The Salt Lake Tribune
November 14, 2011
Updated Multistate Review of Professional Teaching Standards
Publication Date: April 2010
States update their teaching standards on an ongoing basis and can learn from other states' efforts. This report by REL West adds to our previous 2009 review of teaching standards by incorporating California's recently adopted teaching standards. It also offers options for broad consideration that include structure and target groups of teachers, as well as ways of addressing special populations and use of technology, from six of the largest states in the nation.
This updated review resulted in a report written by REL West researchers, as well as one supplemental document: Profile of California's Teaching Standards [download below].
Three questions guided the research for this multistate review:
- What is the target group of teachers for the teaching standards?
- What is the structure of the teaching standards?
- To what extent do the state teaching standards address instruction of English language learner students, instruction of students with disabilities, use of education technology, and instruction in the context of accountability and student learning standards?
Primary teaching standards documents were identified and reviewed for the six states. Examination of the standards documents focused on the target group of teachers, structure (scope, length, and terminology), and selected content (how the standards address particular teaching-related issues). The target group of teachers and the scope, length, and terminology were identified through references in introductions, preambles, or the standards themselves.
To establish how the standards address specific teaching-related issues of interest, standards were investigated to determine whether they explicitly referenced sets of keywords related to four topic areas: English learner students, students with disabilities, education technology, and accountability and student learning standards. References were then categorized according to topics that researchers identified inductively. Categorization discrepancies were resolved by assigning final codes based on the action that was directly described; references were coded in two categories only when a reference explicitly included two different actions.
Profiles of each state's teaching standards were prepared and used as the basis for the cross-state analysis.
Key findings of the review, which examined each state’s teaching standards and supporting documents, include the following:
• Teaching standards in California, Florida, Illinois, North Carolina, and Ohio cover all teachers, from beginning to experienced. Standards in Texas are expressly for beginning teachers.
• California, Illinois, and North Carolina each have one set of teaching standards for all teachers. Florida differentiates its standards by teacher career level (preprofessional, professional, and accomplished) and Ohio by teacher performance level (proficient, accomplished, and distinguished). Texas has 50 sets of teaching standards, generally organized by content area and grade span. However, one set, the pedagogy and professional responsibilities standards (EC–12), applies to all beginning teachers from early childhood education through grade 12. This set is similar to the other state teaching standards reviewed for this study in content and purpose, and thus is the set examined for Texas.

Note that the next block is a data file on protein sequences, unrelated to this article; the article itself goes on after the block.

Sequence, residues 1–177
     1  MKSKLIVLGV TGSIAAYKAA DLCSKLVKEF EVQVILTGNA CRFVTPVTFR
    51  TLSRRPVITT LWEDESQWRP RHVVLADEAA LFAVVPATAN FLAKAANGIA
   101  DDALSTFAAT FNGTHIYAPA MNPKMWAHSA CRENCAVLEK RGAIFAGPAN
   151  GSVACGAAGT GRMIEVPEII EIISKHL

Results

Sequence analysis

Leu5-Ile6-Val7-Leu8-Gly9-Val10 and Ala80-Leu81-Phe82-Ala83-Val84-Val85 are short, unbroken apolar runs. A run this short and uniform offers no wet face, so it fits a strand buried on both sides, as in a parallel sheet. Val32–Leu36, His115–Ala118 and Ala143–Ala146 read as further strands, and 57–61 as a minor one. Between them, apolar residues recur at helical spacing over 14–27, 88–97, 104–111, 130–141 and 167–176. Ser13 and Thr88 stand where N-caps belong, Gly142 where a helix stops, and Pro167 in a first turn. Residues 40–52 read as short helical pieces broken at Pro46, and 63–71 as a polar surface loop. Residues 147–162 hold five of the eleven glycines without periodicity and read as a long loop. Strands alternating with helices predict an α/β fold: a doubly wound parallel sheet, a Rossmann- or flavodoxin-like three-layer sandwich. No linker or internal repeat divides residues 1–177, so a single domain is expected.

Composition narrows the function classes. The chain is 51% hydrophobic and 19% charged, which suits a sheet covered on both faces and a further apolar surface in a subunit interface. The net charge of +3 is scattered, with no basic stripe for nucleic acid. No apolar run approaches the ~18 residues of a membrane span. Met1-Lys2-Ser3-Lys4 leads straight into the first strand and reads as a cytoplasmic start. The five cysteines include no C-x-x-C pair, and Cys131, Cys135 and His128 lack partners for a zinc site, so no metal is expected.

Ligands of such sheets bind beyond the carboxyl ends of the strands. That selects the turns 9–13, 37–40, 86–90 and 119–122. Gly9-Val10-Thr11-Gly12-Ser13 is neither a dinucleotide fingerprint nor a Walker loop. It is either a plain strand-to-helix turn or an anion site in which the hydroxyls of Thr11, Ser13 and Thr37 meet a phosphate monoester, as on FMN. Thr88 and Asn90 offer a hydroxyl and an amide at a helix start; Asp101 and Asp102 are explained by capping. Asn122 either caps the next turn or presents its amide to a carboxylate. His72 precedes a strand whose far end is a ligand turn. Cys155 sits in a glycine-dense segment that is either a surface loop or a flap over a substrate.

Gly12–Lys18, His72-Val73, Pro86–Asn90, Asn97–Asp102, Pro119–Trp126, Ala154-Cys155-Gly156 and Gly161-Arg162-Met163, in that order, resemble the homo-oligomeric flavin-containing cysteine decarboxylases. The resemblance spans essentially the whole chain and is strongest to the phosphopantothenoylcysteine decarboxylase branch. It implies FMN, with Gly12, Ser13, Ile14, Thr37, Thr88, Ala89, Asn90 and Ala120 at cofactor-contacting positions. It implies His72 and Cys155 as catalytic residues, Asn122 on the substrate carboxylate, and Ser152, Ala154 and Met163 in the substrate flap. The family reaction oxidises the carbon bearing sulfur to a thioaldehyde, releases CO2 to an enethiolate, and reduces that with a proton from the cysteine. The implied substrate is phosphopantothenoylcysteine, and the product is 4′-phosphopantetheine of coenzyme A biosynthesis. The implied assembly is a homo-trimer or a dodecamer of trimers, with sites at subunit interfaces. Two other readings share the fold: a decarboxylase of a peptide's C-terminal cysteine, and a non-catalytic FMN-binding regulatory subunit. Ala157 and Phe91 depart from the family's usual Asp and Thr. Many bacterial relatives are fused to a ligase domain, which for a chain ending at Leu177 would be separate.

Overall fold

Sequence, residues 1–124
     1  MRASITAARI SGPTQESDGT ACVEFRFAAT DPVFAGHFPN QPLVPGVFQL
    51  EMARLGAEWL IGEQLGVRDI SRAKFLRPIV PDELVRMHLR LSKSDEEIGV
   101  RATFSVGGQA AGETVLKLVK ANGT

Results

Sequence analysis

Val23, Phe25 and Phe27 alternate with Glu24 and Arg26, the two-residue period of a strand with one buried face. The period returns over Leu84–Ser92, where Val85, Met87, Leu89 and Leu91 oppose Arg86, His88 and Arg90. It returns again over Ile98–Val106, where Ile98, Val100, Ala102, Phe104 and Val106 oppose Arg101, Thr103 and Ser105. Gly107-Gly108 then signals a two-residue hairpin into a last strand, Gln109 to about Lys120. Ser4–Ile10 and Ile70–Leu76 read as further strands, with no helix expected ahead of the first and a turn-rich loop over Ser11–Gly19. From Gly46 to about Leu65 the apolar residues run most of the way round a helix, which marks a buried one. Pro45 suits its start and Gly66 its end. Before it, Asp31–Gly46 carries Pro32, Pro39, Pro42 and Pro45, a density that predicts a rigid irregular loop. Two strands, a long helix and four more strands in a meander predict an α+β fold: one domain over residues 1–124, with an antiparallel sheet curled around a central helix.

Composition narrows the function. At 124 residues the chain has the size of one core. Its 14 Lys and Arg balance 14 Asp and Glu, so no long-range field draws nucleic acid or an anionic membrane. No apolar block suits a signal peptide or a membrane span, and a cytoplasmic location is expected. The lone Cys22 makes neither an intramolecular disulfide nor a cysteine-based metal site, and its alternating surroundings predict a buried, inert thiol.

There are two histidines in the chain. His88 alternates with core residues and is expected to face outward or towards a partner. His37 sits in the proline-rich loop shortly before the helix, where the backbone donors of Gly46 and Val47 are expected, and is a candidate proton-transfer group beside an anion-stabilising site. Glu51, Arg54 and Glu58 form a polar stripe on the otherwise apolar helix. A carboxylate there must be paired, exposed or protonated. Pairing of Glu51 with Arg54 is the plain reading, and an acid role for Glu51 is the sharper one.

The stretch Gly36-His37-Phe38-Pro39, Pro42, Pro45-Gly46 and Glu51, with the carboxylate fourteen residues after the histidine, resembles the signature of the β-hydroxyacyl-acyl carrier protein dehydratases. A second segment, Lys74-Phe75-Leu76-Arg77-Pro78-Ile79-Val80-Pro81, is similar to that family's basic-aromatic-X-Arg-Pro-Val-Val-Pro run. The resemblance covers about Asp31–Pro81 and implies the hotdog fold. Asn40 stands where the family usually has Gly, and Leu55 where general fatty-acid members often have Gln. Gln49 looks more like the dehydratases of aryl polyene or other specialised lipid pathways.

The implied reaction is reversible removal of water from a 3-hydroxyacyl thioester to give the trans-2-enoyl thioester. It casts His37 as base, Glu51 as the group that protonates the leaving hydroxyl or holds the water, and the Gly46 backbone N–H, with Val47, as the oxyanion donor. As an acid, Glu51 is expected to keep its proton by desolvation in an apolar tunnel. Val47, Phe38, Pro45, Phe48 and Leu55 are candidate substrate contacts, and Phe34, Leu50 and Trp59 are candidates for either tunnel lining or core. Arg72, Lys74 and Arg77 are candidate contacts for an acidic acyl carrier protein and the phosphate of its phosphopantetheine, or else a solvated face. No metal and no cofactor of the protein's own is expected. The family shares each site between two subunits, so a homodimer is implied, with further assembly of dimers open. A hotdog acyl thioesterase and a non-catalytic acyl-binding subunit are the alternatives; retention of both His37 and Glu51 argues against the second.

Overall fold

• The professional teaching standards documents reviewed range from 4 pages (North Carolina) to 32 pages (Florida), and the number of teaching standards per document ranges from 4 (Texas) to 12 (Florida).
• Instruction of English language learner students is addressed through the following topics: recognizing or supporting diversity (5 states), differentiating instruction for English language learner students (5 states), knowing language acquisition and other learning theory and strategies (3 states), assessing students’ language status and development (3 states), communicating with students and families (2 states), and selecting related materials or curricula (2 states).
• Instruction of students with disabilities is addressed through differentiating instruction (5 states), collaborating with Individualized Education Program teams and other stakeholders (4 states), practicing inclusion of students with disabilities (3 states), knowing students’ rights (3 states), understanding patterns or styles of learning (2 states), identifying students with disabilities (2 states), assessing students with disabilities (2 states), and teacher attitudes and self-assessment (1 state).
• The use of technology in the classroom is addressed by effectively integrating technology into instruction (6 states), using technology to assess student performance (4 states), identifying technology and evaluating its instructional value (4 states), understanding conventions for managing electronic information (3 states), demonstrating competency with an interest in technology (3 states), using assistive technology for students with disabilities (3 states), and collaborating and communicating on the use of technology (2 states).
• Accountability and student learning standards are addressed through knowing and understanding state learning standards (5 states), delivering standards-based instruction (4 states), using learning standards to plan instruction (3 states), and assessing student progress toward meeting the state learning standards (2 states).
- Published: April 2010
- Research Type: Technical Brief
- Methodologies: Descriptive
- Contact info:
Melissa Eiler White 916.492.4057